The recession has affected each part of the state differently. For much of 2008 Peoria and its surroundings remained relatively prosperous. Since the 1980s industries such as health care and business services had expanded. Without any housing bubble to burst, the area’s median home price even inched up last year. Nevertheless, Caterpillar looms large, and its job cuts have shaken the region. Of Caterpillar’s 22,000 layoffs, at least 1,500 are in greater Peoria. Rick Doty, the president of the local United Auto Workers union, has a Barack Obama commemorative plate on his desk and big hopes for the stimulus. “If Obama’s stimulus gets moving with the infrastructure,” he contends, demand will rise for Caterpillar’s heavy machinery. Mr Obama, during his visit to East Peoria, claimed that the stimulus might spur Caterpillar to rehire workers. Later Caterpillar’s chief executive admitted that many cuts would remain.
Sunday, February 22, 2009
Does anyone live close by, and is being affected? Such as:
- heavy traffic
- no parking
- noise late at night/early in the morning
- lots of reporters wandering around
If so, PLEASE let us know....perhaps you like it? Perhaps not. Whatever the case, let us know.
Education administrators in business suits are gathered, miniature complimentary bottles of San Pellegrino in hand. This is the “CPS Senior Staff Retreat,” and at the front of the Gleacher Center meeting room sits Ron Huberman, the newly-ordained CEO of the Chicago Public Schools, recently transferred by Mayor Daley from his position as the head of the Chicago Transit Authority. The meeting is nearly at an end, but first Huberman approaches the podium and declares his delight in introducing two final speakers, who turn out to be administrators from the CTA. As the woman at the podium begins to describe in-depth the methods of reducing gap times between city buses, I turn to look at the faces around me, searching for signs of incredulity or disbelief to match my own.
A few seats away sits a public school teacher in a sequined necktie. He seems out of place, but he’s actually a guest of honor, a recipient of a DRIVE (Delivering Results through Innovative and Visionary Education) Award. His name is Xian Barrett; he’s the man who invited me to the event.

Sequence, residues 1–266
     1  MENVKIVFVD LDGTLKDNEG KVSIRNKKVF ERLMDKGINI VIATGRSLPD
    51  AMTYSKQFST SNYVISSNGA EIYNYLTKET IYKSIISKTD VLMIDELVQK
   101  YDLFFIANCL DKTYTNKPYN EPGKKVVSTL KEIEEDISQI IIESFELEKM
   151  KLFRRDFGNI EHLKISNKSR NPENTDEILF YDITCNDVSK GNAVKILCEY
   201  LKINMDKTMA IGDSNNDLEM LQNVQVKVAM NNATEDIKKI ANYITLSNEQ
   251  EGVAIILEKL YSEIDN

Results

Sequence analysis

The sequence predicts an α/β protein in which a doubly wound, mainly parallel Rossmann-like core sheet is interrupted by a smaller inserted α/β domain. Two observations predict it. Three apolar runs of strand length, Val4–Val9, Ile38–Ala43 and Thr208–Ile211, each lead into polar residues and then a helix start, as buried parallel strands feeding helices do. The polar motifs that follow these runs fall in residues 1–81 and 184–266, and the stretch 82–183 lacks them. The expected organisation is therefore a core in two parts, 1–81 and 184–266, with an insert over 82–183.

In just his third year as a public high school teacher, Barrett seems to have a presence in every organization available that combines education and social justice; he is a member of Teachers for Social Justice, an Advancement Via Individual Determination (AVID) site team member, a student coordinator for Student Development and Service Learning, and the faculty advisor for two organizations—the Social Justice Club and the Japanese Club—at Percy L. Julian High School, where he teaches. After graduating from the University of Illinois at Urbana-Champaign in 2000 with a degree in East Asian Languages and Cultures, he spent two years in Japan teaching English and Human Rights Education. The experience solidified his twin passions of teaching and social justice.
Following the meeting, I overhear Barrett talking to a friendly administrator who has approached him: “At first I was a little worried when they started talking about the CTA, but then I started to draw an interesting comparison…When something goes wrong with the Red Line, they get out and figure out how to fix it. They don’t get rid of the Red Line.”
The sting in Barrett’s comment is a reference to Renaissance 2010, an initiative drawn up by the Commercial Club of Chicago and presented by Mayor Daley back in 2004. The program calls for the creation of 100 new charter schools, funded privately by businesses, and the closing of 100 underachieving public schools in the Chicago area by 2010. The charter schools would still technically be public schools, but with a number of notable differences, including the use of an application process and no requirement for teacher’s unions.
Read the whole thing!
Herb Kent and David Smallwood will discuss and sign The Cool Gent: The Nine Lives of Radio Legens Herb Kent, 4-7 p.m. at Chicago State University, 9500 S. King.Right in the ward ladies and gentlemen. If you're interesting in going, mark your calendars.
Now the South Side representative tells ABC7 he is sick of the sideshow that has swallowed the state of Illinois.I expect that Congressman Jackson isn't the only one.
"This embarrassing episode in Illinois politics needs to end," said Jackson.
The Democratic representative broke his silence Saturday with harsh words for embattled Sen. Roland Burris, specifically Burris' struggle to come up with a consitent story about his dealings the Blagojevich regime in the weeks leading up to his appointment.